The “Ottoman Auxiliary Battalion”

Sous-titre
Mexican Campaign - 1861-1867

Les zouaves au siège de Puebla (1863) – © Photo RMN-Grand Palais - F. Raux
Les zouaves au siège de Puebla (1863) – © Photo RMN-Grand Palais - F. Raux

Following several years of political instability and financial crisis in Mexico, in 1861 President Benito Juárez suspended the repayment of loans to the European powers. At the news, the Europeans (France, Great Britain and Spain), encouraged by the conservatives who had been badly treated by Juárez’s liberal regime, decided to intervene militarily.

Corps 1

Thus, a year before Viceroy Ismail (later Khedive; r.1863-79) ascended Egypt’s throne, France, Britain and Spain sent expeditionary forces to Mexico to prop up what would later be known as France’s “Mexican folly”. The affair was over quickly for Spain and Britain, who withdrew in early 1862.  But France decided to stay on, as Napoleon III made no secret of his intentions with regard to Mexico. He wished to found a Catholic Latin Empire there, to counterbalance the influence of the United States, and appointed as emperor Maximilian of Austria, who took the throne in 1864.  The French troops, under the command of Jurien de la Gravière, were decimated by Mexico’s harsh tropical climate and their numbers reduced to less than half. Gravière recommended the importation of Sudanese Muslim slave soldiers from Senegal and the West Indies, in the hope that they would stand up better to the tropical diseases that were killing off the European soldiers. Thereupon, the French emissary in Egypt approached Viceroy Saïd Pasha (r.1854-1863) requesting the loan of a Negro regiment to serve under the French flag. On 9 January 1863, nine days before the Viceroy’s death, the troopship Seine sailed from Alexandria with 447 men on board. The “Ottoman Auxiliary Battalion” consisted of four companies commanded by officer Yarbit-Allah. The battalion consisted of Egyptian officers and troops serving in the Sudan (then an Egyptian protectorate) and Upper Egypt.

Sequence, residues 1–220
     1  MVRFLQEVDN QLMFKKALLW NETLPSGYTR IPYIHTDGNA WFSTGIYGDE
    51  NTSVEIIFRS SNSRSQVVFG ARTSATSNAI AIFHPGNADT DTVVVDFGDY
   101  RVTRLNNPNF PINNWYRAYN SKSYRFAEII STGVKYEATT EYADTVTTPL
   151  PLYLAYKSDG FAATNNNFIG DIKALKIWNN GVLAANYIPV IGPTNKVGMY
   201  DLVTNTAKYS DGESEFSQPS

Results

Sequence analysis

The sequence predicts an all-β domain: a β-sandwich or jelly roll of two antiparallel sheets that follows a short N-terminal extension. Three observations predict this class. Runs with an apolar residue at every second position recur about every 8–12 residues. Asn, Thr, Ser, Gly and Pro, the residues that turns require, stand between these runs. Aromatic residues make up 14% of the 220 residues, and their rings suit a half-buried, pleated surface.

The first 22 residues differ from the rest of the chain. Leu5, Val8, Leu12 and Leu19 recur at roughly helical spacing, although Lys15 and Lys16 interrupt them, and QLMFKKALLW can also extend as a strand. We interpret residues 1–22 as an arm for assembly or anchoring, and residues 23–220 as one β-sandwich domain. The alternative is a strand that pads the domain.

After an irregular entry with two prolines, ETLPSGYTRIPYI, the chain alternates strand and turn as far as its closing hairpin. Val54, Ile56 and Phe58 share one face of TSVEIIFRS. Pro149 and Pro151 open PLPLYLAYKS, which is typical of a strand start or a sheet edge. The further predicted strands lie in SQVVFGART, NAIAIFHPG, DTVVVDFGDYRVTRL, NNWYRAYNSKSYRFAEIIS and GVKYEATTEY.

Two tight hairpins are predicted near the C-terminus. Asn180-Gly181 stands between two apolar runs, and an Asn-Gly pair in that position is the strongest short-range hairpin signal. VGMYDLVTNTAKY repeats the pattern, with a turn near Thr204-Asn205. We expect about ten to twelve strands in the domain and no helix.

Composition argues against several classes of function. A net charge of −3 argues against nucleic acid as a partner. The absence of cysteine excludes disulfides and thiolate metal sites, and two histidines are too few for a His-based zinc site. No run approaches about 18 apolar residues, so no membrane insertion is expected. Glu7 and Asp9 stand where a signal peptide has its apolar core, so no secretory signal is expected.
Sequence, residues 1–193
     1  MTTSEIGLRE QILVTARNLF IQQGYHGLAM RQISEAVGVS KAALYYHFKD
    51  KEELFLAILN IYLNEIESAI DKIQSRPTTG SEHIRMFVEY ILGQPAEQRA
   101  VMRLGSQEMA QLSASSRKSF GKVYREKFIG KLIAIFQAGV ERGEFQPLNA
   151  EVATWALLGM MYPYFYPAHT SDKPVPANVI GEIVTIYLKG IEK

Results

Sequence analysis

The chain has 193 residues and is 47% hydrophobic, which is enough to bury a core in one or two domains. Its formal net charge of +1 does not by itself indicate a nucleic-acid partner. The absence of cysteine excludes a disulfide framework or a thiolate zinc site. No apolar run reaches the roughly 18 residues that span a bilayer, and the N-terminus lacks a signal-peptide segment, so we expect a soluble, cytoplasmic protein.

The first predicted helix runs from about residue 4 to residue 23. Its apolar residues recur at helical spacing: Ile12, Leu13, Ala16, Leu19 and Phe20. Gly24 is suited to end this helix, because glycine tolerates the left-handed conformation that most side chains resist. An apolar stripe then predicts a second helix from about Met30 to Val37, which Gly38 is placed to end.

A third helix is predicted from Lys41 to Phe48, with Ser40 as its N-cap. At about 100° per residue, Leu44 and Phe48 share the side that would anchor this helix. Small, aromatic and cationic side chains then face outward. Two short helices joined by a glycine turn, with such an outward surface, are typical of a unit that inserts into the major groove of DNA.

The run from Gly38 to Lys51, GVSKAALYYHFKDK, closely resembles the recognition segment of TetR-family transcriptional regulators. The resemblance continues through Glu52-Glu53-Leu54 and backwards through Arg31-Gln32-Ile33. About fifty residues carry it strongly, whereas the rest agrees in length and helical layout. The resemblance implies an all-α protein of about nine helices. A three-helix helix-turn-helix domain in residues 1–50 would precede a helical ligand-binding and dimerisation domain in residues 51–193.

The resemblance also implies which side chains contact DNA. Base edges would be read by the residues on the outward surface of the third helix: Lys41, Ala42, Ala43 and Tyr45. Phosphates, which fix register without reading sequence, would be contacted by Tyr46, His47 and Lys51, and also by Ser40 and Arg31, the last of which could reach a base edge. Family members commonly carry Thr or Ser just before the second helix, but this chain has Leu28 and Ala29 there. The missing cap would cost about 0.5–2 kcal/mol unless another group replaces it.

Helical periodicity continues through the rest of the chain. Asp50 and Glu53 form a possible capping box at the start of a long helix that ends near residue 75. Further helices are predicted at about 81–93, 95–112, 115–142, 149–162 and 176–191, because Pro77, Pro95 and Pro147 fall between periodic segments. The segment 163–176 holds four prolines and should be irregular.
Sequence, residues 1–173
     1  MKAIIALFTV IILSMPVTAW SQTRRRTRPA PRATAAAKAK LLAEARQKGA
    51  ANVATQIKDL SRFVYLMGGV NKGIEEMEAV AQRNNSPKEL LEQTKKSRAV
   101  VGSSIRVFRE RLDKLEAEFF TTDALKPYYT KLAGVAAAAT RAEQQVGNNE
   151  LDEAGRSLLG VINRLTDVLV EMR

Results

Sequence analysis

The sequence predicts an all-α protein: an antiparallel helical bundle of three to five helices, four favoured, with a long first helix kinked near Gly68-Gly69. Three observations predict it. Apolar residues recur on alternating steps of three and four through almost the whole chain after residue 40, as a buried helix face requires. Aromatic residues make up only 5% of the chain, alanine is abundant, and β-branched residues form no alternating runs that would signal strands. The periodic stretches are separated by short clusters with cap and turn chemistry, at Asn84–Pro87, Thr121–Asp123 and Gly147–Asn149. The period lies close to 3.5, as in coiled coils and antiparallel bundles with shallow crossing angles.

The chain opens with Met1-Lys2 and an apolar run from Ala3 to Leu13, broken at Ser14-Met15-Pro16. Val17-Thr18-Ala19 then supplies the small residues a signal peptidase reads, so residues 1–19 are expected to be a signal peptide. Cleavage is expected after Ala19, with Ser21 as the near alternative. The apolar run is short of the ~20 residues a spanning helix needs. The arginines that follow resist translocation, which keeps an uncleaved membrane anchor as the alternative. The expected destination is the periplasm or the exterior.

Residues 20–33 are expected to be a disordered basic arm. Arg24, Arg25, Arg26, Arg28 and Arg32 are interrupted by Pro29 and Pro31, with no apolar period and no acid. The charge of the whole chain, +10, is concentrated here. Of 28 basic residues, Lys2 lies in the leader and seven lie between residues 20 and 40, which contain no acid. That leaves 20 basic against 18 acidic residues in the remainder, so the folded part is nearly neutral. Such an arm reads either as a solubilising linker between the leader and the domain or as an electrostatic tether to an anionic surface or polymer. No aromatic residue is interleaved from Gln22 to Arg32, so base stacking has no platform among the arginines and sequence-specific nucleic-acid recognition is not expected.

Expedition to Mexico, under the command of Jurien de la Gravière (L’Illustration newspaper, 1862).

 

Forty-four days later, the contingent, less those who died from a typhoid outbreak during the crossing, disembarked at Vera Cruz. The Egyptian battalion was placed under the command of French commandant Mangin, of the 3rd Zouaves Regiment. To facilitate the chain of command, Algerian soldiers were brought in to help with the language barrier. Once the Egyptian battalion was issued new French rifles (those brought from Egypt were not up to par), the men were redeployed between the port of Vera Cruz and the outpost of Soledad. Their mission was to protect the railway under construction. But the area around Vera Cruz was infested with both guerrillas and banditos led by Mexican nationalist Benito Juárez (1806-1872). Fighting broke out, while a fifth of the battalion had already perished as a result of outbreaks of yellow fever and dysentery. Following a victory against all odds in the attack of 10 June on the town of Mexico (afterwards, Mexico City), General Elias Frédéric Forey continued his advance on Tlalixcoyan, where Juárez had regrouped. Accompanying Forey were 80 members of the Egyptian infantry. Referring to these soldiers a French commander remarked, “these were not fighting men, these were lions.”

 

Martinique volunteers and soldiers of the Egyptian battalion, by Henri Boisselier, after a drawing published in L’Illustration.

 

In the meantime, Juárez, who by now was acclaimed a national hero, was propped up with American money and diplomacy. The United States was not about to welcome an imperialist European implantation in its backyard. In fact, France’s request to Khedive Ismail (who had replaced his Uncle Saïd Pasha) for the enlistment of more Egyptian battalions had met with violent protest from the US government on the grounds that “it would increase the Negro population in America”.

As war dragged on, the French government started to feel the financial pinch. Moreover, the flack from the opposition at home had grown to intolerable levels, as the French people turned their attention away from Mexico to the threat from Bismarck’s Prussia. Napoleon III therefore bailed out, abandoning his fellow monarch to the mercy of the Mexican republicans.

 

Emperor Maximilian I

 

The 326 survivors of the Egyptian battalion left Mexico in 1867. Since many among them had learned French during the Mexican campaign it was with perfect ease that they spent time in Saint-Nazaire, France, on their return journey home. On 9 May 1867, Emperor Napoleon III, accompanied by Shahin Pasha, the commander-in-chief of the Egyptian army, reviewed the Egyptian battalion during its passage through Paris. Fifty-six men were decorated with the Légion d’Honneur, while Mohammed Almaz received the Officer’s Cross from the hands of the French Emperor himself. Egypt’s returning combatants were greeted by a jubilant population in Alexandria two weeks later, and were reviewed by Viceroy Ismail at a special banquet in Ras al-Tin Palace on 26 May. Almaz was promoted to colonel and the rest of the troops were collectively upgraded.

 

Original source article (in English)

Ministry of the Armed Forces/DPMA/SDMAE/BAPI - Office for Educational Actions and Information Vaea Heritier